The 97th Annual Meeting of the Central States Anthropological Society will take place April 19–21, 2018 on the campus of Indiana University at Bloomington. This year’s meeting is being held jointly with MIDSEM, the Midwest Chapter of the Society for Ethnomusicology, which makes it a great opportunity for joint panels and productive cross-pollination (not to mention musical jam sessions!) between anthropologists and ethnomusicologists. In the long tradition of CSAS, however, we welcome papers, roundtables, and workshops addressing any and all fields of anthropology. Visit http://csas.americananthro.org/annual-meeting/ for more details and a link to the online registration portal.
Our Distinguished Lecture will take place on Friday, April 20. D. Soyini Madison will speak on “Staging Ethnography for Communication, Advocacy, and Civic Engagement.” Her talk offers methods of adapting and devising ethnographic data for the public stage, focusing on performed ethnography as an improvisational and embodied process that comes into being through the symbolic and communicative actions of touch, speech, sound, movement, and gesture. Additionally, her lecture will address message production, advocacy, and civic engagement, raising questions relating to performative witnessing across cultures, groups, and organizations (nationally and transnationally), as well as the hermeneutics and deep listening required of oral histories and storytelling.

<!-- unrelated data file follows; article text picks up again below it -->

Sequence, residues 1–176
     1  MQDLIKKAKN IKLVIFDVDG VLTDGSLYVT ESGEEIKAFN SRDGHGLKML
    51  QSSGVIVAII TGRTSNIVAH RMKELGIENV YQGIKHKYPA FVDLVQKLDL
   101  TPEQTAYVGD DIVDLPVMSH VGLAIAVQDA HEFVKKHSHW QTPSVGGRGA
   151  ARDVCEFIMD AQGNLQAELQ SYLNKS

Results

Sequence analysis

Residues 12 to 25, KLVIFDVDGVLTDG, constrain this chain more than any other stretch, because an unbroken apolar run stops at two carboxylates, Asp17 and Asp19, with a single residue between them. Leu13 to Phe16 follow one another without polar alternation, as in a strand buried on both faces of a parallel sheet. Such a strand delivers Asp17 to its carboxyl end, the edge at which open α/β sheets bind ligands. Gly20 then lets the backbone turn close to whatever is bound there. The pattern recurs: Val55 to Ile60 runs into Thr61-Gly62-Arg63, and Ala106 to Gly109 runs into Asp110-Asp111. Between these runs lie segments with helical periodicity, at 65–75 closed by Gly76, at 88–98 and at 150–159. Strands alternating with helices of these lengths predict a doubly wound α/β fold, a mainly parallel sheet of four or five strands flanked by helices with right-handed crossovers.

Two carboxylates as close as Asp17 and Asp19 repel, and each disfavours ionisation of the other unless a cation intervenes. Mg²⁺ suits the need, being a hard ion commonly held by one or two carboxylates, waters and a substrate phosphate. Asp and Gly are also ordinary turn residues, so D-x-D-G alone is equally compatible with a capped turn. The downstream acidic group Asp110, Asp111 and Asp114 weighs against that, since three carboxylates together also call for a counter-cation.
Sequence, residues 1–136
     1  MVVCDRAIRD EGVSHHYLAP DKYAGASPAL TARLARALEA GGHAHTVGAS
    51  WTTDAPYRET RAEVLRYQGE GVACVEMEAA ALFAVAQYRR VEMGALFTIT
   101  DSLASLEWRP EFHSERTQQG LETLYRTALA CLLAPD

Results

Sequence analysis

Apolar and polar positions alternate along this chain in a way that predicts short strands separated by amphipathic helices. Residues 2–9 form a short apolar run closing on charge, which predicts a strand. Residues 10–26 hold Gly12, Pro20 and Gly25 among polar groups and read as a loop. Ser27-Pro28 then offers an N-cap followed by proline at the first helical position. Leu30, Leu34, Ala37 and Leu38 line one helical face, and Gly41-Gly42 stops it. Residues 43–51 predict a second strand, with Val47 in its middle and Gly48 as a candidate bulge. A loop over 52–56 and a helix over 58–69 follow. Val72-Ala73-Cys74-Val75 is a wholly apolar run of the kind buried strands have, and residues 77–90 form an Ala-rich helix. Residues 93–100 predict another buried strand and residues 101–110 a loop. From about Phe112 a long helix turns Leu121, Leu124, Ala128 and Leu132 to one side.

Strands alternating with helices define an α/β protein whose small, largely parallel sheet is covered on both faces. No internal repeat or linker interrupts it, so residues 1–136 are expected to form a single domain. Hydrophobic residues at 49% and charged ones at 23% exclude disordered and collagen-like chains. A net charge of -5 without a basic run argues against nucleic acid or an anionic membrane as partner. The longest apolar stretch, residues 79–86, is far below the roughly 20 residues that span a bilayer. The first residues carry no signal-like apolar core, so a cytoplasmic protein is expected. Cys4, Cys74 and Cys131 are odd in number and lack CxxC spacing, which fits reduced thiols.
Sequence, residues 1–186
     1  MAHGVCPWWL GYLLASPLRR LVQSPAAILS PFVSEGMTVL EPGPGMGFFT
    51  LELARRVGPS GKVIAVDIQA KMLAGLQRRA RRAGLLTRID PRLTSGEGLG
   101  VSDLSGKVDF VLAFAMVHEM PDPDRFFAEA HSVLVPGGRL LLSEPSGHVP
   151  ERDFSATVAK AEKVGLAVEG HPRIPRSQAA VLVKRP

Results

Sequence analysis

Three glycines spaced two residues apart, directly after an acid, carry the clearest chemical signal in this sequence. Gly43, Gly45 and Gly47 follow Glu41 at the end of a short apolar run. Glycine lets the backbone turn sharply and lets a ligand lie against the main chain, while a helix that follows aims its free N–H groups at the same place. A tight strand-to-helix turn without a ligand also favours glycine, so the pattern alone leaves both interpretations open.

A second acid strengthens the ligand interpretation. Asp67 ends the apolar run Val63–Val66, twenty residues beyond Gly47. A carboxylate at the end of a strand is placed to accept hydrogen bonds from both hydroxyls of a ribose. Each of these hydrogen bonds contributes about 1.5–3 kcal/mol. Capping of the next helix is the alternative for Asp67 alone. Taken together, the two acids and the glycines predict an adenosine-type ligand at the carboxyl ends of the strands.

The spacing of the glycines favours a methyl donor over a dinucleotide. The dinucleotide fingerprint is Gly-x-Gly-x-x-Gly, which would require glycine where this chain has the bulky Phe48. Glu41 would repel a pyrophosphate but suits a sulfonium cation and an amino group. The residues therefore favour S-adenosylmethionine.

Madison is Professor of performance studies at Northwestern University, with appointments in the Department of African American Studies and the Department of Anthropology. Her work focuses on the intersections of labor activism, political economy of human rights, and indigenous performance tactics. Her forthcoming book, Performance, Ethnography, and Communication: Improvisation, and Enactments of Experience, details methods for staging ethnographic data and oral histories through movement and improvisation techniques, in order to build communication and collaborative storytelling.
Founded in 1921 as the Central Section, the Central States Anthropological Society is the oldest section of the AAA. We welcome scholars from all over the world, studying anywhere in the world. Our annual conference fosters inter-generational conversation with a strong, welcoming Midwestern atmosphere of equality, camaraderie, and mutual growth. Students enjoy the focused attention and collaborative questions they receive on their research presentations and the opportunity to present alongside some of the big names in anthropology.
Come join us in Bloomington!
Angela Glaros is assistant professor in the Department of Sociology and Anthropology at Eastern Illinois University.
Cite as: Glaros, Angela. 2018. “Music and Culture and Conferencing, Oh My!” Anthropology News website, January 29, 2018. DOI: 10.1111/AN.732